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I was prompted to ask this by suggestions on this question: developer on TN visa The question is about a kind of US work visas specific to Canadian and Mexican people. The question makes sense to people familiar with this type of visa. However, people not familiar with the visa can’t understand the question. Some people suggested that the question should be written to be understandable to everyone.

I note that making questions universally understandable is not common practice here. Many questions here are specific to software development and the don’t explain terms such as pull requests, unit tests or scrum. Location specific questions often mention terms like OSHA or relieving letters without explication.

Is there an expectation that questions be written in a way that anyone can understand them?

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    Pretty much agree with Masked Man's answer below, but note that you could have simply linked the wiki for "TN" and probably wouldn't have gotten any complaints. Your question looks hastily written which is arguably the main problem, not the subject matter. – Lilienthal Jul 11 '18 at 19:02
  • I don't think it's too much to ask to expand the abbreviation (which I seem to recall someone asking on there). I mean, it's only 2 words after all (or 1 word and another abbreviation, but close enough) (or 4 or 8 words). Although that specific example may not be the best example of a useful expansion. That most likely wouldn't make the question answerable by more people, but at least it would minimise how much those people feel like outsiders. – Dukeling Jul 11 '18 at 21:41
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No, this should not be required. This is an international site, and people from all over the world should be able to get answers to their Workplace questions, without the additional burden of explaining their issue in a manner that people from other locations or other industries would understand.

Besides, exactly what are people from other locations going to do with that explanation? For example, I am from India, I don't know the TN visa rules. I cannot answer that question anyway, so I will leave it to someone who can.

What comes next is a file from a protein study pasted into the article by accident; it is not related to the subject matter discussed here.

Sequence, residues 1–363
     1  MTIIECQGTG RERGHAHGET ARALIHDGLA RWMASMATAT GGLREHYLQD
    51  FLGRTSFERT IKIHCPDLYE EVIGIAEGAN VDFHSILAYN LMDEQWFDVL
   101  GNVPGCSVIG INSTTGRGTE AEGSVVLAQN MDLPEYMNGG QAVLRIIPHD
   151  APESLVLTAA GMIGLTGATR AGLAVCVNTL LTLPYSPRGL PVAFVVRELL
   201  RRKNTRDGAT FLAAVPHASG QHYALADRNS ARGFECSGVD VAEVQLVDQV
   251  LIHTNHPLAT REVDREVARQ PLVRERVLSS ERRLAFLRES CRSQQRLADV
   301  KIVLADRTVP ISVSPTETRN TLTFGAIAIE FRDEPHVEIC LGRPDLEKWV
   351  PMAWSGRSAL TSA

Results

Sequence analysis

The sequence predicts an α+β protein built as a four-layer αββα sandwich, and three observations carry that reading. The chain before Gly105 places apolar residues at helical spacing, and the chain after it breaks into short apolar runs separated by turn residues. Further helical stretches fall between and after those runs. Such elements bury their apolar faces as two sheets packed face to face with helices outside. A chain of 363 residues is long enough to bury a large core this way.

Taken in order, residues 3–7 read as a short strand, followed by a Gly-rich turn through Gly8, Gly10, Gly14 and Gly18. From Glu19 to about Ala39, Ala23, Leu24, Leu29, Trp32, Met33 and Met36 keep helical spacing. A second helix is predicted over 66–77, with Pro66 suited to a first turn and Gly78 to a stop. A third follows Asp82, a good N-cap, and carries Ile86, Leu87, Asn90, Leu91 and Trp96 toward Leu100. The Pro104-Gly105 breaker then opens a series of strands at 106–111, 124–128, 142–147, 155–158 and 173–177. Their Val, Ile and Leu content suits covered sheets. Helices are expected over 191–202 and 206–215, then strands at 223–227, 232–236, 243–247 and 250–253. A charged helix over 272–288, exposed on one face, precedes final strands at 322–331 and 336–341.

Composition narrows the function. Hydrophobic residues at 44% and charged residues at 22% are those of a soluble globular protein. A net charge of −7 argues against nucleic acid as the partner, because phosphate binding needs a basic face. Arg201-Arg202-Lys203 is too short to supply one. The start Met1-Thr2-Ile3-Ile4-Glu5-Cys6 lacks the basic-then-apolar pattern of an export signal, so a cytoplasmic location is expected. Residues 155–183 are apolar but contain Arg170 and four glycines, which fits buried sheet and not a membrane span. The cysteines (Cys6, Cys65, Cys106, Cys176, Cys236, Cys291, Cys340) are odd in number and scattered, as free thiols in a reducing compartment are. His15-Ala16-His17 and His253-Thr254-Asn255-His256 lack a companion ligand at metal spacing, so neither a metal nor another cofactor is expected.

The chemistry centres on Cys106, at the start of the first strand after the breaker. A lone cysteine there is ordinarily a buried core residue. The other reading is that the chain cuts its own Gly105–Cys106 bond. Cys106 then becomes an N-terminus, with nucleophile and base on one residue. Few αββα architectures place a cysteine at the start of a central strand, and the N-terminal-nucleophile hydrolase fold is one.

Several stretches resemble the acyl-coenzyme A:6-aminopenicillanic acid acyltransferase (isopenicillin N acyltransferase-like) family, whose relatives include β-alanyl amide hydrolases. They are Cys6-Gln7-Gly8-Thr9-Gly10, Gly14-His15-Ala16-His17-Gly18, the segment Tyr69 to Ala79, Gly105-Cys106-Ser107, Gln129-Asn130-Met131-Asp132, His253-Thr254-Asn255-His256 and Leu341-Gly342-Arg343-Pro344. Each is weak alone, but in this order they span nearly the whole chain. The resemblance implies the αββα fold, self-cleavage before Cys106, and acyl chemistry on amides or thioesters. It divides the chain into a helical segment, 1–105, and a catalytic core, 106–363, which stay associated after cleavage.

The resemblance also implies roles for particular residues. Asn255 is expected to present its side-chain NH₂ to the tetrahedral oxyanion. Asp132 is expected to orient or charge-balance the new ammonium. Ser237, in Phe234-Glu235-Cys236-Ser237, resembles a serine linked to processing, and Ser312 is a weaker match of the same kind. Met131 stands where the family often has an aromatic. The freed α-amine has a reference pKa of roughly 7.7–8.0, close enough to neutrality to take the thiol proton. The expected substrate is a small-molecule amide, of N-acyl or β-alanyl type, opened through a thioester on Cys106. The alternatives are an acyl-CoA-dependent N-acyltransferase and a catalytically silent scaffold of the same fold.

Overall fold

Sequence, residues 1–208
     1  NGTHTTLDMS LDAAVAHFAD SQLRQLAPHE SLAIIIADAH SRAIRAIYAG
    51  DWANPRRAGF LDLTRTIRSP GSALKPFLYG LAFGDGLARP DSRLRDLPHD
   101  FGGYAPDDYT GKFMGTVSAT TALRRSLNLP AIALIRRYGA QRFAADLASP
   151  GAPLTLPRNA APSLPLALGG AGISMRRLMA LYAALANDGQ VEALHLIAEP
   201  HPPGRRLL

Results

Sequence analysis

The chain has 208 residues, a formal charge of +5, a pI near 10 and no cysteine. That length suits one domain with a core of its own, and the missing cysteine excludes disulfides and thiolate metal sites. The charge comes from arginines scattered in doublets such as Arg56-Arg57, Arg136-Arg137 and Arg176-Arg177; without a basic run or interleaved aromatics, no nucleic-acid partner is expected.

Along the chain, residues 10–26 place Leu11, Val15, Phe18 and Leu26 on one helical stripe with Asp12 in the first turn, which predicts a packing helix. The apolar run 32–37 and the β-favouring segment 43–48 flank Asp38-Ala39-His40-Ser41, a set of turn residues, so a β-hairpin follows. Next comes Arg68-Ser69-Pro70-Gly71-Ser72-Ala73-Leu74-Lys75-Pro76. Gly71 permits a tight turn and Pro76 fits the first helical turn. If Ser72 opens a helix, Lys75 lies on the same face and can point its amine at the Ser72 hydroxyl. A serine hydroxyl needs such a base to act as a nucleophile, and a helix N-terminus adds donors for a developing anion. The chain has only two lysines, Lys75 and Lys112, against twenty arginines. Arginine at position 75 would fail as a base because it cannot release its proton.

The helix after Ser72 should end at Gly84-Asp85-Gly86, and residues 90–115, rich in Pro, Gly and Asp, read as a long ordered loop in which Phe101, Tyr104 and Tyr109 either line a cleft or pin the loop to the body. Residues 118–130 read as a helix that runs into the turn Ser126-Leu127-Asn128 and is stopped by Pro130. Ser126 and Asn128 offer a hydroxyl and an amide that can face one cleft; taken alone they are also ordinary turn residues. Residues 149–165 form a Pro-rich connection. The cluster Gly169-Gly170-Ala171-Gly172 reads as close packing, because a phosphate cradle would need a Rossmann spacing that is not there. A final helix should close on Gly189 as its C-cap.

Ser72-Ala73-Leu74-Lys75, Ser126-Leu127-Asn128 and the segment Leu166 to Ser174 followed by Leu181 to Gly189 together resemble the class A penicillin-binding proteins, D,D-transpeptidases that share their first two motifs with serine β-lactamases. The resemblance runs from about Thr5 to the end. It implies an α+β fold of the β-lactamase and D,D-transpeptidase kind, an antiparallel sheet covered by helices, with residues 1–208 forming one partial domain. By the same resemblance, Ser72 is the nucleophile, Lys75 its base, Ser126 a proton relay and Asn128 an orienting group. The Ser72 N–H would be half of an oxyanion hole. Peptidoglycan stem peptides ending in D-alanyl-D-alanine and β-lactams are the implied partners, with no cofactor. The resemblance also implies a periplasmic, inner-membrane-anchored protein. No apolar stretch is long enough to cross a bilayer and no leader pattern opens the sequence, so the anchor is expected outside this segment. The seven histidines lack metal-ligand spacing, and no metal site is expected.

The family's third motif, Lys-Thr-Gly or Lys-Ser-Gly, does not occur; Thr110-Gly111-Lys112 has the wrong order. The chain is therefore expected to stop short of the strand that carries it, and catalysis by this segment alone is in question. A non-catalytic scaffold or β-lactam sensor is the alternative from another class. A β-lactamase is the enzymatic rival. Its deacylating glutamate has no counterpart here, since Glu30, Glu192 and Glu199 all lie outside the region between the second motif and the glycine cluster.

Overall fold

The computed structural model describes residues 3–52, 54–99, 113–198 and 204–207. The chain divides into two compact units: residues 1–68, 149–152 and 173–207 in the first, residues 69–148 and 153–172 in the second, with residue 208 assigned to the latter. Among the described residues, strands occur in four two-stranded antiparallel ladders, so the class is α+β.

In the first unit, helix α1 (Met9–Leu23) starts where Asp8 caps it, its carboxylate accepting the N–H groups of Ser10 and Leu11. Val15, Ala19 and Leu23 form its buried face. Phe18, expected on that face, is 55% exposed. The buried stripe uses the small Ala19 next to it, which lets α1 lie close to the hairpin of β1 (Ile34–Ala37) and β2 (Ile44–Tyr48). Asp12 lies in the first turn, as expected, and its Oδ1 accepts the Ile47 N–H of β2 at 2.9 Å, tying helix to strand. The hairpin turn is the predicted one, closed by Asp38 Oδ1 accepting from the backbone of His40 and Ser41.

The questions here are not part of a school test. Everyone doesn't need to attempt to answer every question. We are working together as a community to provide good answers. We should cover each other's blind spots, and not get into a contest to see who answers maximum questions.

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    "I cannot answer that question anyway, so I will leave that to someone who understands the TN visa better than I do. " - I'd like to highlight this part, as it is key to achieving things like How can we be more receptive to non-IT workplace questions?. If someone does not know the technical aspects asked in the question that person is most likely not fit to answer it anyways. – DarkCygnus Jul 11 '18 at 18:41
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We have a similar situation over on Mi Yodeya, where discussions of Jewish law can involve a lot of jargon, some of which is hard to translate into English or would require a lot of explanation. The policy we arrived at derives from one key point:

Will any English speaker who is interested in this content be able to understand what it means without additional research?

With these followup points:

  • Don't use non-English terms gratuitously. If there's an English term that conveys your meaning smoothly, just use it. (But there won't always be one.)

  • If you use a non-English or specialized term that your readers might not know, define it the first time or link to a definition.

  • Terms that anyone who may be interested in the content would know are fine by themselves.

That last bullet, and "who is interested in this content" in the summary, are key points.

I suggest we take a similar approach here. According to such a policy, we don't have to explain every detail, every technical matter involving visa types or relieving letters or Dutch security clearances or whatever, but a question must contain enough information for people interested in that topic to understand it. It's still better to link to a reference or definition when possible, but you don't need to explain the whole US visa system to ask your question about Canadian work permits.

I think this is more or less what we do now, but as far as I know we've never codified it.

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